Government is trying one more time to regulate nonprofit organizations.
Since 2010, a proposed Charities Bill had to be pulled on two occasions before lawmakers were able to debate it. Charities and churches claimed they would not be able to afford the additional expense for record-keeping and annual external audits called for by the bill.
The groups warned the law could bring an end to charitable giving in Cayman.
In preparing another attempt to bring a new Charities Bill, Attorney General Sam Bulgin told the Legislative Assembly last year that there was some misunderstanding about the scope of what government is attempting to do. The main reason for the regulation of charities is the potential for money laundering and terrorism financing in this as yet unregulated space, he said.
A U.S. State Department report on international narcotics control highlights each year the “weak supervision of nonprofits and non-financial organizations” in Cayman as a major anti-money laundering weakness.
A national evaluation of money laundering risks also identified the regulation of charities as a significant vulnerability. The National Risk Assessment was carried out last year with the assistance of the World Bank to prepare for an inspection by the Caribbean Financial Action Task Force, an inter-governmental body that develops and promotes policies to combat money laundering and terrorist financing.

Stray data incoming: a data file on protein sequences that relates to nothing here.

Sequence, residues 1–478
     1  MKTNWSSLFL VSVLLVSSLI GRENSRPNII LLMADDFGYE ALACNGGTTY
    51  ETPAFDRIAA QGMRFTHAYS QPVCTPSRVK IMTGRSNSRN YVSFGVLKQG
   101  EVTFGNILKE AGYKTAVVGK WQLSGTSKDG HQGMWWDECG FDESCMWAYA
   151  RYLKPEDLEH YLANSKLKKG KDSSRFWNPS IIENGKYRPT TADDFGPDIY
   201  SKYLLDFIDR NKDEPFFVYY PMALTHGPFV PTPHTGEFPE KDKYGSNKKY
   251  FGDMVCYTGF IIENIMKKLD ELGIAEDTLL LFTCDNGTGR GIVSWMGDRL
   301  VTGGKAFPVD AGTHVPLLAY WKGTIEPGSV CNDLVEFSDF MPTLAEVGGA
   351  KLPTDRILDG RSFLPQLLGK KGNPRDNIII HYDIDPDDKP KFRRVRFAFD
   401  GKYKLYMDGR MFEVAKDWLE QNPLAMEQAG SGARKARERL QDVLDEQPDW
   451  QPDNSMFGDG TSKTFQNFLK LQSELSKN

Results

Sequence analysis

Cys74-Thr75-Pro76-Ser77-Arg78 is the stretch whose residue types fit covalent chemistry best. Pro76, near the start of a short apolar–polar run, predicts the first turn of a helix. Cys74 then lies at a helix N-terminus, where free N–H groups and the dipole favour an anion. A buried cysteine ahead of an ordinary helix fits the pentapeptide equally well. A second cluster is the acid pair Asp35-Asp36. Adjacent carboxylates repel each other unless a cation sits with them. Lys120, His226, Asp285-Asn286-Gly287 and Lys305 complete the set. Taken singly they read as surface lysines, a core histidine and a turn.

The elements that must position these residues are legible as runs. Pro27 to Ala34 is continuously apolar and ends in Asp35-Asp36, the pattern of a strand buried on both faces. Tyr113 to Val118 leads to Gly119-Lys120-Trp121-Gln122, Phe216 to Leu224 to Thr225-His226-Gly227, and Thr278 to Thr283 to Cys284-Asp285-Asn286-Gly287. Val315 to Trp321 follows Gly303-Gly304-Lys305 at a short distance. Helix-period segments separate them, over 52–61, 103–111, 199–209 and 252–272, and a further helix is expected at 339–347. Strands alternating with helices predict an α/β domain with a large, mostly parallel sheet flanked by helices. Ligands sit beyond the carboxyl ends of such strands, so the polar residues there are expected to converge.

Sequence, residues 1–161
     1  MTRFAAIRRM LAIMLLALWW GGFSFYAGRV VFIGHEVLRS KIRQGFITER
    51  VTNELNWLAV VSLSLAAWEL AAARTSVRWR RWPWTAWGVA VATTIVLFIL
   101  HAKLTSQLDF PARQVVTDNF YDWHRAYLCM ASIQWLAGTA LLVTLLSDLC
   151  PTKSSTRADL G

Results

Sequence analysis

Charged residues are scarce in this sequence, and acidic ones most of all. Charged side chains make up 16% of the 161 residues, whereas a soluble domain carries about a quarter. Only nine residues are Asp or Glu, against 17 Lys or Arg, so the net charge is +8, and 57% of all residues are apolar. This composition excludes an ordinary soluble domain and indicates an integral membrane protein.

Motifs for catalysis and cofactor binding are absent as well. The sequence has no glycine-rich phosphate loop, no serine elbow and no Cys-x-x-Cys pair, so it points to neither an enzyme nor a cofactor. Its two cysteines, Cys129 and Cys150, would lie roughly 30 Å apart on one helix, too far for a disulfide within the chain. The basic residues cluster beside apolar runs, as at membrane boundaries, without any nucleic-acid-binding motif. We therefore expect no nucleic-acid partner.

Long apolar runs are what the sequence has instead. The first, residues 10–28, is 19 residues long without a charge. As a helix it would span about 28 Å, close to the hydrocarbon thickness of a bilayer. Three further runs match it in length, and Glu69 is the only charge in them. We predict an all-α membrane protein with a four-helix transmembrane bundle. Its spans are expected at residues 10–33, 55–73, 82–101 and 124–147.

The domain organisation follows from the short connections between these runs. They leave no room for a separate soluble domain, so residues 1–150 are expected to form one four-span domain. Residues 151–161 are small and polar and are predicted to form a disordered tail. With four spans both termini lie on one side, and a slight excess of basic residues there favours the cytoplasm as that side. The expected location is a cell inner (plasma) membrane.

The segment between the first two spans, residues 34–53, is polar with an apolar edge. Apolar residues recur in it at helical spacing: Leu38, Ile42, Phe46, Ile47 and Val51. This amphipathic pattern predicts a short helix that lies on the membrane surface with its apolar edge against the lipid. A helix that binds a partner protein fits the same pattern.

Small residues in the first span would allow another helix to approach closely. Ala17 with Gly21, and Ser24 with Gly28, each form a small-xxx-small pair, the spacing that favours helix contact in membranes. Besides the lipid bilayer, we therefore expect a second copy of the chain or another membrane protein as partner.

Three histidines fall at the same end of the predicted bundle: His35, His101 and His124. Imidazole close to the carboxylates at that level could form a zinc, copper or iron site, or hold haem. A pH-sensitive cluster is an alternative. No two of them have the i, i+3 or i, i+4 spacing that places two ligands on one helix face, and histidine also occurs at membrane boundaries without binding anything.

A law regulating the financial activities of charities is needed before the CFATF will make its scheduled assessment of Cayman’s anti-money laundering regime early next year.
The bill for the regulation of nonprofit organizations, released on April 29, seeks to create a registration system which will deal with the regulation and monitoring of nonprofits.
The proposed law defines a nonprofit widely as any organization that solicits contributions from the public and that is established primarily for the promotion of charitable, philanthropic, religious, cultural, educational, social or fraternal objectives, or any other activities and programs for the benefit of a section of the public.
The bill does not apply to charitable or voluntary organizations that are regulated by a government entity, trusts that are registered under the Banks and Trust Companies Law and any other entities that are exempt through an order of Cabinet.
Only registered organizations will be able to raise funds from the public if the bill becomes law.
The register of nonprofit organizations will collect the name and contact details of the organization and the identity of the individuals who own, direct or control it.
Charities and other nonprofits will have to maintain proper accounts for the donations and other funds they receive, for the proceeds from the sale of property, and for any expenditures and non-monetary transactions.
Nonprofit organizations with a gross annual income of more than $250,000 must have their books audited by a qualified or licensed accountant.
However, it is within the discretion of the registrar to demand the audit of nonprofits that have annual income of less than $250,000.
All organizations must submit an annual return to the registrar within three months of the end of the financial year.
To enforce the law, it is proposed that the registrar can apply a penalty of $3,000 if organizations do not comply with bill’s provisions for registration, record-keeping, audit and annual returns.